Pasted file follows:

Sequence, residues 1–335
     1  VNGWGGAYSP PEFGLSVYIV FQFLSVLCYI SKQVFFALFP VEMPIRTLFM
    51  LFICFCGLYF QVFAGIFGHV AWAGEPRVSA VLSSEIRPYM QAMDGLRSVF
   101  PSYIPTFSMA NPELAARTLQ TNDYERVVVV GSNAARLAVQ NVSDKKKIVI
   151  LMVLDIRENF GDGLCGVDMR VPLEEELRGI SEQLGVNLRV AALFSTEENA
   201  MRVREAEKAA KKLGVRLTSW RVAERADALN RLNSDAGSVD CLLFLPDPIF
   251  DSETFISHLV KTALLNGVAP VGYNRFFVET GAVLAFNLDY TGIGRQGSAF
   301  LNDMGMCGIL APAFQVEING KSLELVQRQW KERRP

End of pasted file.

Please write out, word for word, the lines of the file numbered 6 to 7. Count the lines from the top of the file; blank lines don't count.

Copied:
   201  MRVREAEKAA KKLGVRLTSW RVAERADALN RLNSDAGSVD CLLFLPDPIF
   251  DSETFISHLV KTALLNGVAP VGYNRFFVET GAVLAFNLDY TGIGRQGSAF